Long-Term Care is a Ticking Time Bomb for Baby Boomers

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Baby Boomers are living longer and enjoying more good health than their parents. But sooner or later, most of us will likely need long-term care. And let’s face it – we are unprepared for this cost which can easily consume all our assets. Moreover, on a national basis, the country is ill-equipped to handle the long-term care needs of our generation.

How Much does It Cost to Live in a Nursing Home?

According to Google, “These costs can be staggering. In 2012, a private room cost an average of $248 daily, or more than $90,500 annually, according to a 2012 survey by MetLife. A semi-private room ran $222 daily, or more than $81,000 per year.” And costs have increased since 2012!

Does Medicare Help?

Medicare will only pay for care in Medicare-certified skilled nursing facilities or through Medicare-certified home health or hospice agencies. It will not pay for care in a continuing care retirement community or in an assisted living facility.

Medicare Part A covers up to 100 days of “skilled nursing” care per spell of illness. However, the conditions for obtaining Medicare coverage of a nursing home stay are quite stringent.

Does Medicaid Provide Anything?

Yes, Medicaid can be used to pay for long-term nursing home care in all states. Many states also allow their residents to use Medicaid waivers to pay for assisted living or in-home care if the services can be obtained at a lower cost. Each state has individual rules, regulations and eligibility requirements.

Medicaid eligibility depends on financial resources and assets. They will examine your finances for the past five years to ascertain what can be used to recover costs. If you own a home, that is usually protected while you are alive. But most other assets are up for grab. Once a Medicaid recipient dies, the state will go after their estate to further recover costs. It is best to clarify your options to protect an estate now while you are healthy.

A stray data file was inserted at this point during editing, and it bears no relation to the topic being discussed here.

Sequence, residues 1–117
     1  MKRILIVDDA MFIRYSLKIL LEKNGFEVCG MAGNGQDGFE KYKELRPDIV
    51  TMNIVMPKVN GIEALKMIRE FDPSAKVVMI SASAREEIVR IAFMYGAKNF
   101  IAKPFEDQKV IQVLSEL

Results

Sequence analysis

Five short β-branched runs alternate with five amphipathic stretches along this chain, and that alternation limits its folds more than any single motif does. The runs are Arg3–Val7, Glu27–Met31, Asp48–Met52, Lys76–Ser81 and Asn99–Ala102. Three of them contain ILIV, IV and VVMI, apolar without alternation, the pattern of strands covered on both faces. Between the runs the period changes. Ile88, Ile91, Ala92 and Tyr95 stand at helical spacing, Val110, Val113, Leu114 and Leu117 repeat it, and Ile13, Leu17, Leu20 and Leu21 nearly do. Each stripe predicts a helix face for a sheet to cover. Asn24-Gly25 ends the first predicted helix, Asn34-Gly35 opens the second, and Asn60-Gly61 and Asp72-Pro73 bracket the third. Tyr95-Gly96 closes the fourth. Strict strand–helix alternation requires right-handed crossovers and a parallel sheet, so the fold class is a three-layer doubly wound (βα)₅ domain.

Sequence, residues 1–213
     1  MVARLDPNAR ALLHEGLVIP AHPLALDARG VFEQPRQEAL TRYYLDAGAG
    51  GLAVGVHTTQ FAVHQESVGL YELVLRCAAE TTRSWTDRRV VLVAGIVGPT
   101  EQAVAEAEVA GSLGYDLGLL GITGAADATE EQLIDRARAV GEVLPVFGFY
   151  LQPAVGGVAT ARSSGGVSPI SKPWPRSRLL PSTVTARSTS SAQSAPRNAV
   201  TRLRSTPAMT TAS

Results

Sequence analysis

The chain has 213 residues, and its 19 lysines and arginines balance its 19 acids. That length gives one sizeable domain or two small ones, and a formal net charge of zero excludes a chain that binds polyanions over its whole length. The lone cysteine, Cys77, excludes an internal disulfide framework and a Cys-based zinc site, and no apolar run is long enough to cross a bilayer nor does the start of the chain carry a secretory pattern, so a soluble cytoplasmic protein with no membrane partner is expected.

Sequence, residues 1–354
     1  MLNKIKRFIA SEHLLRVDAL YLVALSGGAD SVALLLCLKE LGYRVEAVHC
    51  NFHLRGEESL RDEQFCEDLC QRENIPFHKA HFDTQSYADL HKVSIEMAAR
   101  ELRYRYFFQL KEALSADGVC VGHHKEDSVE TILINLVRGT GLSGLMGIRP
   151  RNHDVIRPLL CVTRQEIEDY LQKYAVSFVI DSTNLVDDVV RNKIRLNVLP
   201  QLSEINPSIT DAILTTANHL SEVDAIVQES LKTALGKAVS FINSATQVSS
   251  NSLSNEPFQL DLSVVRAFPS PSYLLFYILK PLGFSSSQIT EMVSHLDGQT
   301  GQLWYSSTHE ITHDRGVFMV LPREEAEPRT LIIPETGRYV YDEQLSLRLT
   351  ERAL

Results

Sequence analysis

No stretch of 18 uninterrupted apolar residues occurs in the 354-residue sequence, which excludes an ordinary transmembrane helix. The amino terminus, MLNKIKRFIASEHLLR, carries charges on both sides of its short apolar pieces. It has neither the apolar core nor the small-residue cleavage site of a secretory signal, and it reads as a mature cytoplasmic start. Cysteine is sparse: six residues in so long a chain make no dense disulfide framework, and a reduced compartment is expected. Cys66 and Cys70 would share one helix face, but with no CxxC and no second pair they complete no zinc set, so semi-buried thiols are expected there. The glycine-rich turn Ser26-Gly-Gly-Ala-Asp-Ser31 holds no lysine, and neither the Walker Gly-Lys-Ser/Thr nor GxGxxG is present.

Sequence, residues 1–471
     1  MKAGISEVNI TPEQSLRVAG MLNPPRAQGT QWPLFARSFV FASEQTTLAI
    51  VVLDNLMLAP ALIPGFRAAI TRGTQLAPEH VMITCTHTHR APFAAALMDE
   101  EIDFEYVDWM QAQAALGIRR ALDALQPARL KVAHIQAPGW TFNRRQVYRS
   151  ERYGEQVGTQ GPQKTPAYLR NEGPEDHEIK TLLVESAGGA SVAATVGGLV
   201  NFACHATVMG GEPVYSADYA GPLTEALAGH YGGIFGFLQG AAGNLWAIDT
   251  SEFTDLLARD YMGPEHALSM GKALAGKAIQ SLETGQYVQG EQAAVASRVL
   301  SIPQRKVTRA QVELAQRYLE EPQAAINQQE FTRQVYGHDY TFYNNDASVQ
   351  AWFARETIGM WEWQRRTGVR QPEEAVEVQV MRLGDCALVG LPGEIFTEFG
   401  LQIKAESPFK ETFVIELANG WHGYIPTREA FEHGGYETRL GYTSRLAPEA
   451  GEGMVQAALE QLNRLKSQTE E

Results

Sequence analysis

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The Bottom Line for Baby Boomers

A tsunami of Baby Boomer retirees is about to overwhelm the nation’s long-term care resources. Only the wealthy can afford long-term care insurance and its ever-increasing premiums. Don’t count on this being a solution for the average Boomer on the street.

There are few long-term care solutions for the majority of Baby Boomers. As a country, we have yet to address the huge financial cost of caring for tens of millions of Boomers in their old age. Our nation has turned a blind eye to this looming crisis.

According to AARP, most Boomers want to age in place. This works well until healthcare becomes a burden on family or impractical to perform at home. That’s when Boomers will face financial challenges for which there are few answers outside of Medicaid, which is already stretched to its limits and has become a political football. So be prepared to face a government push to further grab your assets to offset costs.

It is likely that most Baby Boomers will wind up using some sort of Medicaid program in old age. Meanwhile, we can do ourselves a favor by participating in political movements endorsing favorable long-term care options.

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